Friday, July 07, 2006

health magazine: When the picking's fresh

The Leaf-Chronicle

Vegetables from the Farmers Market, Dot's Truck Patch, Doalnara Organic Farm or any roadside stand have an advantage over the pretty produce on display at grocery stores.

They're fresh.

Ask anyone standing in line to buy Port Royal-grown tomatoes at the Farmers Market for $1.25 a pound why they choose to shop in the heat instead of the air-conditioned comfort of a grocery store, and they'll tell you the same thing. Fresh vegetables and fruit taste much better than specimens that have languished in a distribution warehouse or on a truck for days, weeks, or in the case of apples, even months before they reach your table.

"The reasons for buying locally produced food are compelling," Oklahoma-based organic farmers Emily Oakley and Mike Appel write in a 2005 edition of "Growing for Market." "These include the benefits of eating fresher, tastier and more nutritionally intact food, reducing air pollution and fossil fuel consumption through decreased transportation miles, greater variety selection, preserving farmland and open space, and keeping money within the local economy."

Only two farmers who sell produce at the Farmers Market grow the majority of their produce themselves, but the others buy direct from local Mennonites or farms within 100 miles of here. And that cuts the shipping time that eats away freshness.

Lester "The Fat Man" York, owner of Dot's Truck Patch, named after his late wife, says he buys much of his produce from Amish farmers. Right now, his store on Ashland City Road, also known as the 41A Bypass, is selling cantaloupe, seedless watermelon, honeydew melon, white peaches, nectarines, plums, lemons, lettuce, cabbage, acorn squash, yellow squash, zucchini, corn, okra, eggplant, bell peppers, Vidalia onions, potatoes, tomatoes and honey.

"I love them all," York says. "I can sit down to a vegetable dinner and not even have no meat, just as happy as I can be."

Asked why people should buy vegetables from Dot's Truck Patch instead of at a big grocery store, York's response is familiar. "Mine are fresher."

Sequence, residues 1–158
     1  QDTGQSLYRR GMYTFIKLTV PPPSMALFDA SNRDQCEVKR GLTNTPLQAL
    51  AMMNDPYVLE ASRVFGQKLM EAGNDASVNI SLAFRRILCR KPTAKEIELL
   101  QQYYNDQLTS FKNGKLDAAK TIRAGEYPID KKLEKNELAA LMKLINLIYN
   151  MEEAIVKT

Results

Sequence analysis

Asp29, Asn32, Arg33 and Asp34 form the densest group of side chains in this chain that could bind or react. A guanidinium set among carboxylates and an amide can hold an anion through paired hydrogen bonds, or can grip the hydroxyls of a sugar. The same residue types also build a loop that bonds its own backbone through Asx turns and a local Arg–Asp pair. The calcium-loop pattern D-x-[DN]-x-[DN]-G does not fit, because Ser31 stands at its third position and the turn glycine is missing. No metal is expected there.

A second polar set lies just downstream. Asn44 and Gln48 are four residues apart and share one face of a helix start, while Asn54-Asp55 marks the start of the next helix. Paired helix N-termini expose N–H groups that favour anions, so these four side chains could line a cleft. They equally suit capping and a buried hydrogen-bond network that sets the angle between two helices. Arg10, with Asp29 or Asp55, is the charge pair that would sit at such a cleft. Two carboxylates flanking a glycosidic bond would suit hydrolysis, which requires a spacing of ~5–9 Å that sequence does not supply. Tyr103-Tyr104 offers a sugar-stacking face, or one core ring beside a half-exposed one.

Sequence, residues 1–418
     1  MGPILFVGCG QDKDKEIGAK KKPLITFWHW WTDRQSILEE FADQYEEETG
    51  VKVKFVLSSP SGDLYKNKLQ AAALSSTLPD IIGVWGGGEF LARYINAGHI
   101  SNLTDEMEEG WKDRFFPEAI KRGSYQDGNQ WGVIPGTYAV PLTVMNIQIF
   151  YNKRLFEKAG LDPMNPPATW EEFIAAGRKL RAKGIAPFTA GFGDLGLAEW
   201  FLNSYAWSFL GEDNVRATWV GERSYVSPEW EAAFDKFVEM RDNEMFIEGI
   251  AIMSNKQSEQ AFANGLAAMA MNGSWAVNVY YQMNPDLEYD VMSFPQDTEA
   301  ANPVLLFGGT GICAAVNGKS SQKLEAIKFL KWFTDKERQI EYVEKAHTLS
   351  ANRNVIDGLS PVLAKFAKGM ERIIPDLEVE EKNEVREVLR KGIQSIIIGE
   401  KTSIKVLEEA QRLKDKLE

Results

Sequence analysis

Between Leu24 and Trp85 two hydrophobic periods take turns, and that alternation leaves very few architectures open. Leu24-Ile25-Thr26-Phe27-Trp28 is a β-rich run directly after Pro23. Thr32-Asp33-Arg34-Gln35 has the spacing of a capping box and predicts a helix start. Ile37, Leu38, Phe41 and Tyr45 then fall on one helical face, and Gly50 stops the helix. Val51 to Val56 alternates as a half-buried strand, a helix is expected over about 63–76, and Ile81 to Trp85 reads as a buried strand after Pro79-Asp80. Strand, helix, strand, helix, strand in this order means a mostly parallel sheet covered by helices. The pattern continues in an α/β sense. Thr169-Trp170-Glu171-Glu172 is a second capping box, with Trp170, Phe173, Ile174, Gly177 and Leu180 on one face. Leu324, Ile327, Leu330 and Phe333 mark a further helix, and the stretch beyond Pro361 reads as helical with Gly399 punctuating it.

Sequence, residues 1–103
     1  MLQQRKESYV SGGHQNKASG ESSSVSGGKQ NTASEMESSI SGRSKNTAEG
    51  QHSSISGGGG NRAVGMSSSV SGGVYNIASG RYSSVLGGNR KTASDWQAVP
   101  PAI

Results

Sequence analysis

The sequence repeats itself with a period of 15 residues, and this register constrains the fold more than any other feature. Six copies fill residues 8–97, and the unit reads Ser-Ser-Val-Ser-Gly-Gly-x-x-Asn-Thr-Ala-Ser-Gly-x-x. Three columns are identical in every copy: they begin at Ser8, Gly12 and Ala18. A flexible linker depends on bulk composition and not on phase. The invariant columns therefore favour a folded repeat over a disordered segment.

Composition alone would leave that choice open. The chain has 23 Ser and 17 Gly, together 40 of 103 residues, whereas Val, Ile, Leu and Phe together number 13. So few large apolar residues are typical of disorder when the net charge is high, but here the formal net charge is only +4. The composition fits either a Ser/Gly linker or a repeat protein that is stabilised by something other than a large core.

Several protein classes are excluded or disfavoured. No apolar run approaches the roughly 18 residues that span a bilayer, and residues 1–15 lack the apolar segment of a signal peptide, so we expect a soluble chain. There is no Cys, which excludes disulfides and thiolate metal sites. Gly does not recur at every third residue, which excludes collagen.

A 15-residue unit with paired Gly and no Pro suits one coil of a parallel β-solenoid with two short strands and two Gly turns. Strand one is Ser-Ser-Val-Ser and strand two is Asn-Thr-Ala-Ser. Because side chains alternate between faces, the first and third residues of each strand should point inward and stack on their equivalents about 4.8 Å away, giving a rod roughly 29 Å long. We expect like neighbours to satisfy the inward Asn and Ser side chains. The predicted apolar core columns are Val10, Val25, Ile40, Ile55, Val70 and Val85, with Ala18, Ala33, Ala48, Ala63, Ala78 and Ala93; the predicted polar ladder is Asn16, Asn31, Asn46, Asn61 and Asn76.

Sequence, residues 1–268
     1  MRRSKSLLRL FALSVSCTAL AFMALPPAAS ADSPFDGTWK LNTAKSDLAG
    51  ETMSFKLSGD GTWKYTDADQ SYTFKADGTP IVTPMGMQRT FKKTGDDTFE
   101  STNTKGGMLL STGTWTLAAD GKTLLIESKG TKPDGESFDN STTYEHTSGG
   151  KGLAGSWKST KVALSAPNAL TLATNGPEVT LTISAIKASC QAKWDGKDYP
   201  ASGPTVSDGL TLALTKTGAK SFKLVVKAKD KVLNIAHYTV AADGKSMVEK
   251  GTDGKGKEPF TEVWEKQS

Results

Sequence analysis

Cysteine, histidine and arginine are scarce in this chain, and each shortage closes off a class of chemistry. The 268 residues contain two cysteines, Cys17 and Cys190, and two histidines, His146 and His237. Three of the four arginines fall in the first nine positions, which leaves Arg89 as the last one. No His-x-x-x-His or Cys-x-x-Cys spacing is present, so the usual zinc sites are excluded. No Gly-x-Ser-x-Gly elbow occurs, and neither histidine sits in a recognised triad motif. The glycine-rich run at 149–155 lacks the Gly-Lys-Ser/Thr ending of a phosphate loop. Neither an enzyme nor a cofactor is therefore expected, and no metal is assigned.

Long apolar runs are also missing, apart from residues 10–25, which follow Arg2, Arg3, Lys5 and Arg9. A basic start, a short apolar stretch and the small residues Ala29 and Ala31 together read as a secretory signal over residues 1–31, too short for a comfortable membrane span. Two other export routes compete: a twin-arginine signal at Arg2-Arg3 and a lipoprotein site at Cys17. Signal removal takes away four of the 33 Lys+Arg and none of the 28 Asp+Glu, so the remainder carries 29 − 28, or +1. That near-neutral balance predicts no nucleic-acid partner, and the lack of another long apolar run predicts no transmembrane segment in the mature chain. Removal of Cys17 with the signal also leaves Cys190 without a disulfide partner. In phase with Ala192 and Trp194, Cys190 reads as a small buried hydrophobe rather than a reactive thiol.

Writing for Health magazine, Mary Ann Howkins points out that kiwis shipped from New Zealand can be 6 months old before they hit your grocery store shelves. But if you're attentive, you can tell the prime pickings from those you should pass on.

"Be picky. This no-brainer bears repeating," Howkins writes. "When you're buying perishable greens like leaf lettuce, make sure they're in peak condition: If the outer leaves are wilted or their color has faded, it's a sign they're past their prime. Look for bright green caps on strawberries and green, flexible stems on grapes and cherries. The skin of fruits and vegetables should feel full. If it's loose, the fruit has lost moisture — not a good sign."

Of course, if you really want to know exactly how fresh your vegetables are, the best option is to grow them yourself. Although you're too late to plant warm-season vegetables this year, you can still get in some fall vegetables if you plant them in the next week or two.

"People think it takes a lot of land," says Ray Patterson, who sells his home-grown squash and tomatoes at the Farmers Market. "It doesn't."

His motivation?

"The freshness of it," he says. "You can take it and prepare it for a meal just as soon as you get it off the vine."

Originally published July 6, 2006